Possibly the most insightful statement ever made by a journalist was from Gary Webb, who killed himself in 2004, years after the CIA and media rivals destroyed his career and credibility.
I was winning awards, getting raises, lecturing college classes, appearing on TV shows, and judging journalism contests. And then I wrote some stories that made me realize how sadly misplaced my bliss had been. The reason I’d enjoyed such smooth sailing for so long hadn’t been, as I’d assumed, because I was careful and diligent and good at my job. The truth was that, in all those years, I hadn’t written anything important enough to suppress.
Now Hollywood is making a film, called Kill the Messenger, about the San Jose Mercury News reporter. Webb briefly created a national scandal in 1996 by exposing how the CIA-backed Contras in Latin America had funded their guerrilla war through trafficking crack cocaine to African American communities in the US, with the knowledge of the CIA and other US agencies. The scandal quickly subsided because the CIA and other journalists – from the New York Times, the Washington Post and especially from the LA Times, who had been scooped on their own patch by Webb – waged a campaign of vilification. The toll eventually led Webb to take his own life.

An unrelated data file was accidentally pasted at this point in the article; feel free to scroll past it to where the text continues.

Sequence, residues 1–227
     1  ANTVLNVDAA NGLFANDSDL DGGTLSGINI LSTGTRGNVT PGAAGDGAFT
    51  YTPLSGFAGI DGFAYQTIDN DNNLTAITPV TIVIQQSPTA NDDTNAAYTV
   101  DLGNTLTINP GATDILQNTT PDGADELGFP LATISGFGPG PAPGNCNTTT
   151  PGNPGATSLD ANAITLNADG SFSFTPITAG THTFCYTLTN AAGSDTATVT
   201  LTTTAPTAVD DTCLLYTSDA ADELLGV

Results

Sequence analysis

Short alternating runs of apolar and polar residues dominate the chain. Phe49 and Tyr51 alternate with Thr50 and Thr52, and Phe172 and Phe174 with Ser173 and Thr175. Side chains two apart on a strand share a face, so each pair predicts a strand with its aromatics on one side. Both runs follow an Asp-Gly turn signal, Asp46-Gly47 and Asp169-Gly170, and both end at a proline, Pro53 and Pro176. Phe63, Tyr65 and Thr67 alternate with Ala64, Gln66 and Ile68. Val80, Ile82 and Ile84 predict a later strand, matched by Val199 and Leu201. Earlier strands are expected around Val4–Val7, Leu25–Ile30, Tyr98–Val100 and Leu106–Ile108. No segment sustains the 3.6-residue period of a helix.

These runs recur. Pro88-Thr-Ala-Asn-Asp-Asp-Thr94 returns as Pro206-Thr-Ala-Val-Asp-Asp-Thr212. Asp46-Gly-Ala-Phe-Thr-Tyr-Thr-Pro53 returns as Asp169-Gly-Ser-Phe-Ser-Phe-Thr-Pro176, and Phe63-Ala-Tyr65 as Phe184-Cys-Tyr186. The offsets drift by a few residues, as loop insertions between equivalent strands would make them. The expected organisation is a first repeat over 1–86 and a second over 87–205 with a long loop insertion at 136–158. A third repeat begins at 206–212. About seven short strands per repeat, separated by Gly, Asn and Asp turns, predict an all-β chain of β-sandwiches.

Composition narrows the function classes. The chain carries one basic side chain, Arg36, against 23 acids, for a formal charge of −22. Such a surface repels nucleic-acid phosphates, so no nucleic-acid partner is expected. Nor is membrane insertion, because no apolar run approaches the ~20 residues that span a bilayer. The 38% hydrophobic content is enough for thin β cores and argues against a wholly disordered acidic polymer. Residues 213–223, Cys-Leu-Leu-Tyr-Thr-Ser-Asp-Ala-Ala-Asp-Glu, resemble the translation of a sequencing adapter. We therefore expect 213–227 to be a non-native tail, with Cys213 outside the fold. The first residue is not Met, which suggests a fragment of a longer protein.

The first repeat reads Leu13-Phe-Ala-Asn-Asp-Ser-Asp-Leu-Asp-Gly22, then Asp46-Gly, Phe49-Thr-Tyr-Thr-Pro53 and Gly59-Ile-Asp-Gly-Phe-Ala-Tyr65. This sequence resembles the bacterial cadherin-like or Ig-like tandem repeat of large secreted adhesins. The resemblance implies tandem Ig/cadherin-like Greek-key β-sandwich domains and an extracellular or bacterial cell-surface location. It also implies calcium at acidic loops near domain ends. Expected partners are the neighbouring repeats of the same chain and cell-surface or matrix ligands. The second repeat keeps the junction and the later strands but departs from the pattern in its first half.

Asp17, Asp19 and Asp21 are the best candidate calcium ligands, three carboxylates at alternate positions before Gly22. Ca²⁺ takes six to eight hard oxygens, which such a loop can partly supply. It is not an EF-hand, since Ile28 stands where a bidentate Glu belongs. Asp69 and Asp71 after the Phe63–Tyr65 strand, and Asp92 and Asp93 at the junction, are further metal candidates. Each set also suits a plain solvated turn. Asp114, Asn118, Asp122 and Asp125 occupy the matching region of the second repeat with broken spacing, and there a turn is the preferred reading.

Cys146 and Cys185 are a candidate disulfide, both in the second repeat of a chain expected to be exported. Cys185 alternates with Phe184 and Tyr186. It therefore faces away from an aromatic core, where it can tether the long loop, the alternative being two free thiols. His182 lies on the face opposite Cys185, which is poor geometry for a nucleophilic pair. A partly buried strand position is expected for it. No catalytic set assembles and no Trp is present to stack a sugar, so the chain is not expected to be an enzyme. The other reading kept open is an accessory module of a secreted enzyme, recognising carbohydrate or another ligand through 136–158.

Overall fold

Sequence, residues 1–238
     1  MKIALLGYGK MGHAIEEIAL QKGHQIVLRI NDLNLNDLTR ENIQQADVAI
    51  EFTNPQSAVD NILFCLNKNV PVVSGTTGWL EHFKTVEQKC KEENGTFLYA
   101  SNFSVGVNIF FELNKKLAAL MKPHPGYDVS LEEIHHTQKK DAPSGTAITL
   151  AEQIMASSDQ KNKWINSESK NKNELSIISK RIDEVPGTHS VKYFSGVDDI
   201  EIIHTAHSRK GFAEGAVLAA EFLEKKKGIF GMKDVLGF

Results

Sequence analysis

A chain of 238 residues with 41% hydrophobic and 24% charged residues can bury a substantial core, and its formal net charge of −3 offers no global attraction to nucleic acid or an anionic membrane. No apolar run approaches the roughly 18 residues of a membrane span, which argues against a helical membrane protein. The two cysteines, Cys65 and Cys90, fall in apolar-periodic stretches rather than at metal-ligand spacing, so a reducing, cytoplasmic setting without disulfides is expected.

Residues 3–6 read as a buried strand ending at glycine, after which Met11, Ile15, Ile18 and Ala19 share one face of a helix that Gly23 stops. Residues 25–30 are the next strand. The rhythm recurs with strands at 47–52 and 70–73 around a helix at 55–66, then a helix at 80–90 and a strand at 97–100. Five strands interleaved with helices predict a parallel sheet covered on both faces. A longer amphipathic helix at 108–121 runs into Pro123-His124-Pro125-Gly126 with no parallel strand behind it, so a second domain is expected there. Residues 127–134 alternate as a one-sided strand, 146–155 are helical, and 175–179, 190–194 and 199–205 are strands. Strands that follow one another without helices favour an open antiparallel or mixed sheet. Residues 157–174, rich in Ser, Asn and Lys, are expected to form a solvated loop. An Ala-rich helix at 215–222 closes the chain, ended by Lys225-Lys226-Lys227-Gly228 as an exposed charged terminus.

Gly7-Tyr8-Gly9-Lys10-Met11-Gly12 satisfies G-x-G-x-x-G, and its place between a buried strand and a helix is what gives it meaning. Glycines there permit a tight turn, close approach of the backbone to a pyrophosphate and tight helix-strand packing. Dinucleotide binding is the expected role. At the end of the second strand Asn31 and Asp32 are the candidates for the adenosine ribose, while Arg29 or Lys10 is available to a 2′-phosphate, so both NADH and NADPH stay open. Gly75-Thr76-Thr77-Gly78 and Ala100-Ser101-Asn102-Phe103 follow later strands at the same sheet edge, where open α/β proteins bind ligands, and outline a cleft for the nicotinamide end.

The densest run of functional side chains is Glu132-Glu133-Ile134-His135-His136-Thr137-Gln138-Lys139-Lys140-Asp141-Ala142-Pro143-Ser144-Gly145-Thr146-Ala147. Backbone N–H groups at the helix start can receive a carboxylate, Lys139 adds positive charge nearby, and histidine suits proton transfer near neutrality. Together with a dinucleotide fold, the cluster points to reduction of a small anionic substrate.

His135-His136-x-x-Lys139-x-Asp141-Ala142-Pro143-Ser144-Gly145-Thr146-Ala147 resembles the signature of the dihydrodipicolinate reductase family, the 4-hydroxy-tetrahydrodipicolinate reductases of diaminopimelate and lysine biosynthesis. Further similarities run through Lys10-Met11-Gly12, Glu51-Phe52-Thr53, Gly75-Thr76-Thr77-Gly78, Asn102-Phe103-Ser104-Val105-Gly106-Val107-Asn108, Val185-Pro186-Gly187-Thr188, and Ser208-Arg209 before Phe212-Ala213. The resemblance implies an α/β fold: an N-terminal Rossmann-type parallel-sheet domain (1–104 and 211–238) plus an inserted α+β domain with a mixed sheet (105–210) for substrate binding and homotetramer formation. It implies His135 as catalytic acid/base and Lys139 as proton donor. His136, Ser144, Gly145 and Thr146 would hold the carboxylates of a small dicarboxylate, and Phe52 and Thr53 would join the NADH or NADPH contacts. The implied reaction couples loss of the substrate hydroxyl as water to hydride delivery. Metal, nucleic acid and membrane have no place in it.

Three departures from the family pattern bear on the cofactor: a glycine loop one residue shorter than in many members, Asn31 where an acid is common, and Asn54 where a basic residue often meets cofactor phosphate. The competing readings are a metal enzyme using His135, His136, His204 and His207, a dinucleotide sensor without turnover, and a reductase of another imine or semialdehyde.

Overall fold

It should be welcome news that his original revelations will be heard by a new generation, and that the US media’s hand-in-glove relationship to the US intelligence agencies will get national exposure.
A story like Webb’s ought to remind us that the CIA, the NSA and other US agencies are not there ultimately to “do good”, not even to serve us, the people, but to help prop up a world order that benefits a small, greedy global elite and to spread fear and misinformation among the rest of us to keep us divided and obedient. And the media’s role is to serve that same global elite, rarely to hold it to account. That was the mistake made by Webb and briefly by his news editors, who quickly abandoned Webb after more senior colleagues on bigger papers taught them what journalism is really about.
But I fear Hollywood’s interest should be read in different terms. It signifies a realisation by movie execs that Webb’s revelations are now old enough to constitute “history”, no more threatening to the contemporary reputations of the CIA or the US media than filming Mutiny on the Bounty was to the modern British navy.
Hollywood knows that where there’s a good story, there’s money to be made from us – audiences only too happy to be outraged at injustice but also only too wiling to believe such “ancient” injustices offer no lessons for the present. For that reason, it is doubtful Kill the Messenger’s viewers will emerge from the film more critical news consumers. They will still trust their daily paper and the TV news, and still assume that when all the president’s men tell them of events on distant shores – from Venezuela to Iran, Syria and Ukraine – they are being told the unvarnished truth.